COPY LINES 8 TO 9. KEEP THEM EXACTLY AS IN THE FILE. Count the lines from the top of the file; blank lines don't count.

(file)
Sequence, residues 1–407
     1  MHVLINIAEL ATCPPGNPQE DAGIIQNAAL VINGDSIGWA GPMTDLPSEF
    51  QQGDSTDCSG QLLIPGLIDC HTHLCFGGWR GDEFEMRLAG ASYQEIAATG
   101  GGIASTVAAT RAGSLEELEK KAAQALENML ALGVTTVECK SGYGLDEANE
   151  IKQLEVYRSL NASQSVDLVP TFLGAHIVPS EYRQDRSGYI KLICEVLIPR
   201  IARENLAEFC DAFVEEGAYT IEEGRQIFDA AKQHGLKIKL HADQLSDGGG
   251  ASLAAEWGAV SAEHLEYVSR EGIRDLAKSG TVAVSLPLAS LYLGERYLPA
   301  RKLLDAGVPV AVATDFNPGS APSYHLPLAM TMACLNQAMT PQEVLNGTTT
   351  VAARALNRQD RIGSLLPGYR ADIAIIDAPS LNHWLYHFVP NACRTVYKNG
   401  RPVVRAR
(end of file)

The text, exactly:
   301  RKLLDAGVPV AVATDFNPGS APSYHLPLAM TMACLNQAMT PQEVLNGTTT
   351  VAARALNRQD RIGSLLPGYR ADIAIIDAPS LNHWLYHFVP NACRTVYKNG